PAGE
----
Designing a Swift theme — Tokyo
With Inspiration from a Photographer’s Style
I have designed many Xcode themes, but as time goes by I just got dissatisfied with them. Then I designed Tokyo last December. I did not immediately publish it, as I fear over time this newly developed baby might get abandoned just like its former siblings. Yet it isn’t, and it turns out to be my most satisfied and devoted theme.
Here’s the recipe:
Choosing a Base
What to be brightly colorized, and what to be dimmed? The syntax coloring logic for the Tokyo theme is based on the TreasureChest theme by Github user tursunovic. TreasureChest is an outlier. Unlike any other mainstream theme that brightly colorize the keywords, TreasureChest brightly colorizes the functions instead, as to emphasize the importance of functions readability, while dimming keywords as they are just a mundane in the eyes of programmers.
This approach immediately captures me: the courage to meaningfully go against the mainstream, making outlying decisions with intentions. That’s where and why Tokyo got started and is based on.
Adding the Style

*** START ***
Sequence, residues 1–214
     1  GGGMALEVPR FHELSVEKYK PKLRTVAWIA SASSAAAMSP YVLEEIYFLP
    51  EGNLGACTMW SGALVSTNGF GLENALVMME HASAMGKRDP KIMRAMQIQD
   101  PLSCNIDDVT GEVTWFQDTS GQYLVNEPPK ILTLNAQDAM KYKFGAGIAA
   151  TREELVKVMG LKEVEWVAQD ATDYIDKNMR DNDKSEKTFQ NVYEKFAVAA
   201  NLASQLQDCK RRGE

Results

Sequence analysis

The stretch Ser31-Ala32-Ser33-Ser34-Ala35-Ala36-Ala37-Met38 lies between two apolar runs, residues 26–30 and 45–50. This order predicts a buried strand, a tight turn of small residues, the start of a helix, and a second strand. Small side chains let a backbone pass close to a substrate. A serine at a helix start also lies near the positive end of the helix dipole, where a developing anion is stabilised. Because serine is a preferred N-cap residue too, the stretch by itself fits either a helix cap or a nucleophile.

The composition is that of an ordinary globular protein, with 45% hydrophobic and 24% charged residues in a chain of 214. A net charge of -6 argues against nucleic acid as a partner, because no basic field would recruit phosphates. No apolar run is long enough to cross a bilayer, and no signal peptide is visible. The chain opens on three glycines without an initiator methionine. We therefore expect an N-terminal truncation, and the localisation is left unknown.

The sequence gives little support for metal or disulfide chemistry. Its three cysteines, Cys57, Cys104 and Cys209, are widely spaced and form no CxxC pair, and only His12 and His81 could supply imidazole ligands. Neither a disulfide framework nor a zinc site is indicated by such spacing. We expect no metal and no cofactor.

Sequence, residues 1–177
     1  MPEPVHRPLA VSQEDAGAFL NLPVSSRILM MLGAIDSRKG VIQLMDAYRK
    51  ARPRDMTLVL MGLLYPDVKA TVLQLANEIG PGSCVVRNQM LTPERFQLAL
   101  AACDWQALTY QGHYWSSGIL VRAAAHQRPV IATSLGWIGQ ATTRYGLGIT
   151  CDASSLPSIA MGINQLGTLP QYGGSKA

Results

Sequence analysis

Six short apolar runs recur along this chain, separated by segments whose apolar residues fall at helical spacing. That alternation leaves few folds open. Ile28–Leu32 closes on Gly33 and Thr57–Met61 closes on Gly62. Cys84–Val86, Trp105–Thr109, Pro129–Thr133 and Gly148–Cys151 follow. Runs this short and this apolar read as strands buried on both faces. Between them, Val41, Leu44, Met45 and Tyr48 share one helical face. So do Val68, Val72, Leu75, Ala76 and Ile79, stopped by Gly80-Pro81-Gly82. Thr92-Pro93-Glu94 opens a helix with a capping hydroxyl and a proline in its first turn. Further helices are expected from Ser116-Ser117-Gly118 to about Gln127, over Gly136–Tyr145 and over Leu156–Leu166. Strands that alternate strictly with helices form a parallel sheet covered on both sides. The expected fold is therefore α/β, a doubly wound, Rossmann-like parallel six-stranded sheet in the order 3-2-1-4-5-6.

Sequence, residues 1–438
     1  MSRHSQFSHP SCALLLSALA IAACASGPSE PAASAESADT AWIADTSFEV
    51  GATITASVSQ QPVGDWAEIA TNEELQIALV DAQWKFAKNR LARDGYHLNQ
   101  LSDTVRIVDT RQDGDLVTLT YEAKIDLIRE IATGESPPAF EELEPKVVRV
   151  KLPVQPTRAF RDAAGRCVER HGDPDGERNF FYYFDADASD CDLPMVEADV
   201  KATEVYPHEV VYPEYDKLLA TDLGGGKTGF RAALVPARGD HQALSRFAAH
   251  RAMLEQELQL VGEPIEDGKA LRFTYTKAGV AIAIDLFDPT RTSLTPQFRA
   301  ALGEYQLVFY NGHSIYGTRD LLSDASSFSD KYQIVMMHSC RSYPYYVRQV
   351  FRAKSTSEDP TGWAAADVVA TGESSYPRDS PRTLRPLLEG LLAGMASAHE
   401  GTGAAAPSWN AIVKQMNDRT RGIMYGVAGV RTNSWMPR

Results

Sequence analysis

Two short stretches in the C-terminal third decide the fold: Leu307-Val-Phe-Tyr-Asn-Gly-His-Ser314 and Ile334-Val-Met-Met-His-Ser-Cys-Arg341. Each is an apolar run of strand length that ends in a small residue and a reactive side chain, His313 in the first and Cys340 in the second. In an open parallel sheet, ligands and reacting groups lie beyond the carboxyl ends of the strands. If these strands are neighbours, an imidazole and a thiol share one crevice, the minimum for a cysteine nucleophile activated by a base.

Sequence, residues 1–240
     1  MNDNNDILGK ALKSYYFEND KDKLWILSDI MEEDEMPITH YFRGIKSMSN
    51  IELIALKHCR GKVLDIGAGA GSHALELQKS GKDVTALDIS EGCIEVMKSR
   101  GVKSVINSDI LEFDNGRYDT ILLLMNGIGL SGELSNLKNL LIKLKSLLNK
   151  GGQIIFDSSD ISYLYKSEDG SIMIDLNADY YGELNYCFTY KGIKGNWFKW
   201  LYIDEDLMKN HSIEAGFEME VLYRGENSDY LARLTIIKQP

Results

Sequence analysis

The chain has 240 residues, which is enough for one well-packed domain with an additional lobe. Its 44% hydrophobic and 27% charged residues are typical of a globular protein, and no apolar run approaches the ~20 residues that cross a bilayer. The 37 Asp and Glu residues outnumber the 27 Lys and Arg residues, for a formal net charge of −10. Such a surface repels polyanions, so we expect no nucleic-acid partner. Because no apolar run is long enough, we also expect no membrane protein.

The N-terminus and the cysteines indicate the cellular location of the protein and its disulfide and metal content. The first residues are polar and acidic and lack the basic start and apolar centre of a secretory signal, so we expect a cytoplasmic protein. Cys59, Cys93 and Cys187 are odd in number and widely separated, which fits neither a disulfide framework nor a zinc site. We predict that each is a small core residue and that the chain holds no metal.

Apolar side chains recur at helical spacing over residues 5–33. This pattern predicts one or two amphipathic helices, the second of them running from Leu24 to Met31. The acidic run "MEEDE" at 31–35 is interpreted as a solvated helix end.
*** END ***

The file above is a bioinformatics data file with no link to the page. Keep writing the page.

Why these colors and why the name Tokyo? With the base in mind, I choose the style of my favorite Tokyo-based photographer Takashi Yasui. While Japan might give the Zen feeling of minimalism and light color to many, Takashi’s photos are more of a Dark,but Zen style. The very dark green but not sheer black from the roofs and trees of Meiji Shrine, the lake green from Shinjuku Eki, the orange from the lines on the roads… I basically used Adobe Kuler to detect the colors in Takashi’s photos and decide what colors to be used in the Tokyo theme.
Font and Size
Tokyo uses San Francisco Mono, pt12.
Previously, I used Menlo, pt 13 on Xcode. Months ago, Apple introduced San Francisco Mono on Xcode, and I fall in love with its feel of solid and durability. I switched to font size pt12 recently, because I discovered small size Japanese font on iPhone look much more elegant than English. Since then, I’m biased towards smaller but richer font and size.
Tokyo is on Github, and will be continually updated.